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Before Roe, the “Jane Collective” Dared to Perform Abortions for Those Who Needed Them – Interview

by Debbie Stoller

When she was just 24, in 1969, Abby Pariser joined “Jane,” a group of women who provided reproductive health services in the Chicago area before Roe v. Wade was passed. They offered abortions on a sliding scale to many poor, mostly Black and Brown women, and got the word out about their services with notices that simply read, “Pregnant? Don’t want to be? Call Jane.” During the four years they were active, Jane provided over 11,000 abortions. 

At first, Pariser’s work was simple. “I signed up to be a counselor, which involved calling people [who had left us messages] and saying, ‘Hi. This is Jane. Why don’t you come over to my apartment and I can tell you all about it?’ We were very trusting. And they were, too, because it was illegal.”

In those days, women with means could find doctors who performed abortions – for a price. “One of the ways [doctors] did it was to take blood out of the woman’s arm, squirt it into her vagina, and say, ‘Go to the emergency room, tell them you’re miscarrying, and ask for me,’” Pariser explains. “And then the doctor would show up [at the hospital] and say, ‘Oh! You’re having a miscarriage! We’ll have to do a D&C [abortion] on you!’”

“We had to treat the women with respect and be gentle and say exactly what we’d be doing. Like, ‘Now we’re going to put the speculum in. Now you’re going to feel cramps.’”- Abby Pariser

By 1970, New York, Colorado, California, and Hawaii had legalized the procedure, and wealthier women could simply fly to a state where abortion was legal, while Jane continued providing the service to those with fewer options. For a while, Jane had a man working for them who claimed to be a doctor, and who would perform the procedure. But “not very long into this, people discovered he wasn’t a doctor– he had worked with a surgeon who also had been doing illegal abortions, and he learned to do it. At some point, a couple of the women said, ‘Gee, why don’t you teach us?’ And he was happy to do so. He liked the money, but he didn’t like the long hours and the traveling.” After a few women learned, they taught some others, including Pariser. “They decided we were trustworthy and adept and careful and kind,” she says. “We had to treat the women with respect and be gentle and say exactly what we’d be doing. Like, ‘Now we’re going to put the speculum in. Now you’re going to feel cramps.’ And we’d have someone sitting near the patient’s head, holding her hand and trying to comfort or distract her.”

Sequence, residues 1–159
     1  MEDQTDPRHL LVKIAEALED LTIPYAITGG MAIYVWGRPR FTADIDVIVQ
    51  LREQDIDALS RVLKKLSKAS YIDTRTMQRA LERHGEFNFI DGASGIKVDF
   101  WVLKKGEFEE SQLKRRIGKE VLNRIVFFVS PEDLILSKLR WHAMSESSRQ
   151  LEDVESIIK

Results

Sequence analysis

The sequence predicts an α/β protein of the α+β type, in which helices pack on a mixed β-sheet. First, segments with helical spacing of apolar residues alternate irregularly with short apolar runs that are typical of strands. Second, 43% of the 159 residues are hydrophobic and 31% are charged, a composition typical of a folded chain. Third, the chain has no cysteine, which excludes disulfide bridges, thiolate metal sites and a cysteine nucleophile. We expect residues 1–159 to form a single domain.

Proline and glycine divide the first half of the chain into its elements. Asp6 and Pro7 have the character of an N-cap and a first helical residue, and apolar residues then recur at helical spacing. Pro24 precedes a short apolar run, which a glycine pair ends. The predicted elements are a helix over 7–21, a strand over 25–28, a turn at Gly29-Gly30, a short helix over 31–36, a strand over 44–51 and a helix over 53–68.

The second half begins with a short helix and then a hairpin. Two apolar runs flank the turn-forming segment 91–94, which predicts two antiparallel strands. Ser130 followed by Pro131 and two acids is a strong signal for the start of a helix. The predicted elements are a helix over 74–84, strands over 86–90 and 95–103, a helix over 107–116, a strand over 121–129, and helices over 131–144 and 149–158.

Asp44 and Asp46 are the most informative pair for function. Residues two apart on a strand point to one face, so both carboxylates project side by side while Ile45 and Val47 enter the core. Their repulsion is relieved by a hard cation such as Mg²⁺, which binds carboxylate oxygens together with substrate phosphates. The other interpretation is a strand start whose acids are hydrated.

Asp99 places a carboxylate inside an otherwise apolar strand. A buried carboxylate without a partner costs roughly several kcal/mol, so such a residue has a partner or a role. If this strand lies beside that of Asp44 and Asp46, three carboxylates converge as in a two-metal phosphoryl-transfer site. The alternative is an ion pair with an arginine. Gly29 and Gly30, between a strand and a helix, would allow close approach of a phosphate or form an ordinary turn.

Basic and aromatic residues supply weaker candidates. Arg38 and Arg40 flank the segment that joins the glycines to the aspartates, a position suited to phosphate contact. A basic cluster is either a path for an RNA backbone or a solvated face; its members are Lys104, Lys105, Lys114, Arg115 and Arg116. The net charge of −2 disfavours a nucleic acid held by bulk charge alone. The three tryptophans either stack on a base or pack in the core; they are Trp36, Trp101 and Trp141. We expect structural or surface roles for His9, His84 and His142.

When asked if she ever felt scared because she was breaking the law, Pariser says, “The first time I was at an orientation, they said, ‘You know this is illegal.’ I went home and was like, ‘Do I really want to do this?’ And then I met the first 10 or 20 women that I was counseling, and the answer was, ‘Yeah!’ Because these women needed our help.”

It all came crashing down, however, on May 3, 1972, when the apartment they’d been working in was raided, and Pariser was among seven members of the group who were arrested. The police weren’t nasty – but they were a bit clueless. “We actually thought they were a riot,” she says. “They kept running around the apartment looking for ‘the doctor.’ Opening closets, opening doors. We were on the 11th floor, and they opened the window to see if ‘the doctor’ was hanging out of it.” The group spent the night in jail and they were all eventually released to await trial on serious charges. “Eleven counts of abortion and conspiracy to commit abortion, each of which carried 10 years, or something like that, in the state penitentiary,” Pariser says. 

After a number of failed attempts, they eventually landed a fantastic lawyer – Jo-Anne Wolfson. Wolfson discovered that the Supreme Court was getting ready to consider Roe v. Wade and decided that stalling would be the best tactic. “Jo-Anne was funny – very flashy,” Pariser recalls. “She would walk up to the bailiff at 9:30 a.m., shake his hand, and drop a $20 into his palm” to get their case heard before the others. 

The strategy worked. Eight months later, on January 22, 1973, the Supreme Court decided Roe v. Wade, and all charges against Pariser and her cohorts were dropped. When I ask if she has any advice for people who want to help women in places where abortion is now illegal, Pariser recommends Women on Web, who distribute the so-called abortion pill, “which can be used up to 13 weeks,” she adds, “not [the 70 days] the FDA says!” Still, does she think women should start learning how to give abortions again, too, like she did? “That would be great!” she answers, laughing. 

Photo, top Abby Pariser, center, with other members of Jane, circa 1971, courtesy of Martha Scott

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